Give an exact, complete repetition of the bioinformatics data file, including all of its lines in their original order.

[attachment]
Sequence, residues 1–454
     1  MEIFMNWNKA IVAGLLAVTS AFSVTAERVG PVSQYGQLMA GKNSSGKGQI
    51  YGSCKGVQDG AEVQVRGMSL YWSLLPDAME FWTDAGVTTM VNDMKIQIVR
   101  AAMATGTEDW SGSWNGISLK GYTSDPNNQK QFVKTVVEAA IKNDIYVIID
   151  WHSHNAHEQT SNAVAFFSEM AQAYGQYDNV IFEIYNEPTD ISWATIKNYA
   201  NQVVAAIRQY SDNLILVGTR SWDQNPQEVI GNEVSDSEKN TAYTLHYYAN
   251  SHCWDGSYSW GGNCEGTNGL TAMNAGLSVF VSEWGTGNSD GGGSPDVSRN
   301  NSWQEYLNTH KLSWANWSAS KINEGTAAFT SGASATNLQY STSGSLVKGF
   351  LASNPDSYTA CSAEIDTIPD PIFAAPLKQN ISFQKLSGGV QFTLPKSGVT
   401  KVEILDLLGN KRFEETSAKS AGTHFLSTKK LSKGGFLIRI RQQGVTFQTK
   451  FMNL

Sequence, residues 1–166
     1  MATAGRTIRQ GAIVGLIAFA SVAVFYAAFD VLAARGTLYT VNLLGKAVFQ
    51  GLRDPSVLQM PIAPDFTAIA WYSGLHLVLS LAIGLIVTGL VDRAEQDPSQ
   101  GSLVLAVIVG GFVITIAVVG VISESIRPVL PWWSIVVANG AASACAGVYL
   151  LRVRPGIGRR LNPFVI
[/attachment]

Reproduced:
Sequence, residues 1–454
     1  MEIFMNWNKA IVAGLLAVTS AFSVTAERVG PVSQYGQLMA GKNSSGKGQI
    51  YGSCKGVQDG AEVQVRGMSL YWSLLPDAME FWTDAGVTTM VNDMKIQIVR
   101  AAMATGTEDW SGSWNGISLK GYTSDPNNQK QFVKTVVEAA IKNDIYVIID
   151  WHSHNAHEQT SNAVAFFSEM AQAYGQYDNV IFEIYNEPTD ISWATIKNYA
   201  NQVVAAIRQY SDNLILVGTR SWDQNPQEVI GNEVSDSEKN TAYTLHYYAN
   251  SHCWDGSYSW GGNCEGTNGL TAMNAGLSVF VSEWGTGNSD GGGSPDVSRN
   301  NSWQEYLNTH KLSWANWSAS KINEGTAAFT SGASATNLQY STSGSLVKGF
   351  LASNPDSYTA CSAEIDTIPD PIFAAPLKQN ISFQKLSGGV QFTLPKSGVT
   401  KVEILDLLGN KRFEETSAKS AGTHFLSTKK LSKGGFLIRI RQQGVTFQTK
   451  FMNL

Sequence, residues 1–166
     1  MATAGRTIRQ GAIVGLIAFA SVAVFYAAFD VLAARGTLYT VNLLGKAVFQ
    51  GLRDPSVLQM PIAPDFTAIA WYSGLHLVLS LAIGLIVTGL VDRAEQDPSQ
   101  GSLVLAVIVG GFVITIAVVG VISESIRPVL PWWSIVVANG AASACAGVYL
   151  LRVRPGIGRR LNPFVI